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One in Four Disabled Seniors Use Risky or Ineffective Medicines

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AHRQ News and Numbers

Release date: April 30, 2008

Roughly one quarter of Americans with disabilities aged 65 and older reported using at least one prescription drug deemed inappropriate for persons of their age, according to the latest News and Numbers summary from the Agency for Healthcare Research and Quality (AHRQ). Only about half as many (13 percent) elderly people without disabilities used inappropriate drugs, according to the analysis of 2004 data.

Thirty-three medications are regarded by physicians as inappropriate for people ages 65 and older. These medicines—including drugs such as Xanax®, Demerol®, Darvon® and Procardia®—should be avoided because they are ineffective, pose a high risk of side effects, or there is a safer alternative drug.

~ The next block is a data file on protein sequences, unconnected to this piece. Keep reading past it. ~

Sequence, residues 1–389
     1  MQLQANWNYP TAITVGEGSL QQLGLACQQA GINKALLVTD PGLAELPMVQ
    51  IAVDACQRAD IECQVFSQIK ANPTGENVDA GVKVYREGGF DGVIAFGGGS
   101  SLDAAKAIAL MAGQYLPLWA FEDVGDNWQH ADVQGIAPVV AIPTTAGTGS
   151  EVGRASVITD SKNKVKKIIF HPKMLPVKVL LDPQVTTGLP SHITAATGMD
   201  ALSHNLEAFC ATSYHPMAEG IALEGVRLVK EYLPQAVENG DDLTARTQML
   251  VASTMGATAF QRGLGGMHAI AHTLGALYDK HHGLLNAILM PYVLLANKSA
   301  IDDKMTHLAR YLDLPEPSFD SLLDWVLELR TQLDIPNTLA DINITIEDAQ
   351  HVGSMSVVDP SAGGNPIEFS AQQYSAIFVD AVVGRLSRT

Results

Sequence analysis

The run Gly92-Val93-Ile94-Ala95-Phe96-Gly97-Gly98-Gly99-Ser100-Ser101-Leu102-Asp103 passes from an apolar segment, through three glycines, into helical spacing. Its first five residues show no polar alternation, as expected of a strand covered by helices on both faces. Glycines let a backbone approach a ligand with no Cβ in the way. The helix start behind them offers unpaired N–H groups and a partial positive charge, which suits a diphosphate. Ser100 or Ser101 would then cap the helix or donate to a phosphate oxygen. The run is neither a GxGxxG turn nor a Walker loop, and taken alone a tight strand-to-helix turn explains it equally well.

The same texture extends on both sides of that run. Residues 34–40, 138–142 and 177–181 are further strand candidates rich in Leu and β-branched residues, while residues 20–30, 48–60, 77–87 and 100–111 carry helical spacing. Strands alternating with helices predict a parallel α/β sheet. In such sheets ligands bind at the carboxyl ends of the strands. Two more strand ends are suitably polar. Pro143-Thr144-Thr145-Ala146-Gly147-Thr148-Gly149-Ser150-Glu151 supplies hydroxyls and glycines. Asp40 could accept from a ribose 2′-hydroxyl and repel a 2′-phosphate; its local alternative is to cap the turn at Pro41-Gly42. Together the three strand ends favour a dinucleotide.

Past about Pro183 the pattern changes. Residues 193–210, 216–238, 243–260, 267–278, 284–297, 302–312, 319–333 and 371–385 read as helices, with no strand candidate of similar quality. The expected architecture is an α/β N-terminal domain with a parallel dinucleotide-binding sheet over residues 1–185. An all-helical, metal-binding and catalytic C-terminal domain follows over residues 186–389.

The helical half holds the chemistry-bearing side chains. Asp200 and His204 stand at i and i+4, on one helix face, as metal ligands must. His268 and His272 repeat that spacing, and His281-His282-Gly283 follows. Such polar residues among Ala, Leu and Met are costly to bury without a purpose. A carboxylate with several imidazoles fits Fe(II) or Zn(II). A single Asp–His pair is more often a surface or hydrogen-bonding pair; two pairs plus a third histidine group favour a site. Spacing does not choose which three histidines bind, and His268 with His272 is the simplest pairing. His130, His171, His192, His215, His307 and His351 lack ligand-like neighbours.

AHRQ's analysis of medication use among older people also found:

  • Use of these inappropriate drugs was more common among people with complex disabilities (27 percent) than among those with basic disabilities (23 percent). Complex disabilities limit a person's ability to work or socialize, while basic disabilities limit a person's ability to walk, bathe, or carry out other everyday activities.
  • Older people with disabilities, regardless of their race or ethnicity, were at least twice as likely as older people without disabilities to have used an inappropriate prescription drug.
  • Seniors with disabilities who never finished or stopped at high school were more likely to use potentially inappropriate drugs than those who went on to college.

This AHRQ News and Numbers summary is based on data from the 2007 National Healthcare Disparities Report, which examines the disparities in Americans' access to and quality of health care, with breakdowns by race, ethnicity, income, and education.

For additional information on this AHRQ News and Numbers topic, or to speak with an expert, contact Bob Isquith at or call (301) 427-1539.

Current as of April 2008


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